The output element gets the actual data from the model using the Expression Language (EL). This data binding results in the text being updated every time the data model value is changed. The use of EL expressions eliminates the need for writing controller logic in JavaScript in order to make the page dynamic.

The onclick event handler on the button is another EL expression, which tells the data model to fetch new data from the server. The method get() on the rest model comes from its prototype object which is part of the Project Avatar framework and is inherited by all rest models you define in your application. It will send a GET request to the URL of the model and populate the resulting data as properties on the model object. As a result of doing that, because of data binding, the output text will automatically be updated with the new time as soon as the response is received.

Push Service

In addition to REST, Project Avatar also has built-in support for Server Sent Events (SSE), consisting of push services on the server side and push models on the client side. To show how to use these we will add an automatic update feature to the clock where the server continuously pushes the new time to the client every second. In order to show another aspect of REST services, we will allow users to update the message returned by the server as well.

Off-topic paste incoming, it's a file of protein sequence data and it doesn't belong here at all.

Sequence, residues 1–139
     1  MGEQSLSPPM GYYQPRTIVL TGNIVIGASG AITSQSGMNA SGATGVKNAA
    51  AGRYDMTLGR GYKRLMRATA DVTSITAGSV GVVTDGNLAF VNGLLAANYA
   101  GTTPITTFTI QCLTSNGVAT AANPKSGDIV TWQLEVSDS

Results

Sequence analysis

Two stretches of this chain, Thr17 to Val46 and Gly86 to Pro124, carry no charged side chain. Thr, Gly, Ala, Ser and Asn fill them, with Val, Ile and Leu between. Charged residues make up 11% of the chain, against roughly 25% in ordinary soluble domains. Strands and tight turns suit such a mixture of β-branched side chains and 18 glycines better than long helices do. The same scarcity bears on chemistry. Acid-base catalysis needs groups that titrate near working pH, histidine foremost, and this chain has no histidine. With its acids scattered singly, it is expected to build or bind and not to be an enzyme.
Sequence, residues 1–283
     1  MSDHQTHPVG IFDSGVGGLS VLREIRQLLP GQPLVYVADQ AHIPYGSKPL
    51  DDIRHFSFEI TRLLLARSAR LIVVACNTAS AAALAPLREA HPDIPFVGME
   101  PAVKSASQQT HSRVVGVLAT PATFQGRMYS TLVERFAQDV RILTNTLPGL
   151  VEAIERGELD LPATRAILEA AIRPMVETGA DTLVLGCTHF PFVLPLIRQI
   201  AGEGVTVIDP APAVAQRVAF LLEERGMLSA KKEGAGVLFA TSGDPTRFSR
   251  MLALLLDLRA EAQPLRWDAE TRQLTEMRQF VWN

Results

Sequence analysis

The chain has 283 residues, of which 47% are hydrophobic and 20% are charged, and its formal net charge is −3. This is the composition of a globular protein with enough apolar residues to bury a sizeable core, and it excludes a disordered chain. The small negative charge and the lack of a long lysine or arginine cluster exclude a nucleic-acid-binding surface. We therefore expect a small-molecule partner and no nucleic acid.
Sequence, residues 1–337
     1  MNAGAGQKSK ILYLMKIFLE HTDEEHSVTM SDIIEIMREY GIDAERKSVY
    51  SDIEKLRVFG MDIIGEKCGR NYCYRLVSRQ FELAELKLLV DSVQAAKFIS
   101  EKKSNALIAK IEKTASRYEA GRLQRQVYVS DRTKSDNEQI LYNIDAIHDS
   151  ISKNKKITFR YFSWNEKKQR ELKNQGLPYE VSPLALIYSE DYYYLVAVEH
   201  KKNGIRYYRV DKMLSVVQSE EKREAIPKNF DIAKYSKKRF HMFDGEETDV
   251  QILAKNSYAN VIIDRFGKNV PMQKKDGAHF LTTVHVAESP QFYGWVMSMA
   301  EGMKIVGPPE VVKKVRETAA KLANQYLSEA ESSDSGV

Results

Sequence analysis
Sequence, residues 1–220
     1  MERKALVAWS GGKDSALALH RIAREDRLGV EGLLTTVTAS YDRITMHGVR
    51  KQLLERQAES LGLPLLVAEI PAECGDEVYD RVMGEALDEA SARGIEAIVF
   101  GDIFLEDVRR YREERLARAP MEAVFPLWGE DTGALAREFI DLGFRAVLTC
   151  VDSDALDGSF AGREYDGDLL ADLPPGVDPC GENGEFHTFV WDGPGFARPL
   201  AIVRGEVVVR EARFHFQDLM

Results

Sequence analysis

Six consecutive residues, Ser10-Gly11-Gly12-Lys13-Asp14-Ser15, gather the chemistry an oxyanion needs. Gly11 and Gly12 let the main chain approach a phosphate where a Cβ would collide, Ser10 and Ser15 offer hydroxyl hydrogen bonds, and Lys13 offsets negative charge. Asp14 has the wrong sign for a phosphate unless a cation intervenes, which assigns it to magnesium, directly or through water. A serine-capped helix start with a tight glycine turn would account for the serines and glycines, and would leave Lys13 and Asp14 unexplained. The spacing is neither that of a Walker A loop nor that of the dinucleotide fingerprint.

var avatar = require("org/glassfish/avatar");

var message = 'The server time is ';

var getTime = function() {
    var current = new Date();
    return {
        msg: message,
        h: current.getHours(),
        m: current.getMinutes(),
        s: current.getSeconds() };
};

avatar.registerRestService({ url: "data/message" },
    function() {
        this.onPut = function(request, response) {
            message = request.data.msg;
            response.send(null);
        };
    }
);

avatar.registerPushService({ url: "push/time" },
    function() {
        this.onOpen = this.onTimeout = function(context) {
            context.setTimeout(1000);
            return context.sendMessage(getTime());
        };
    }
);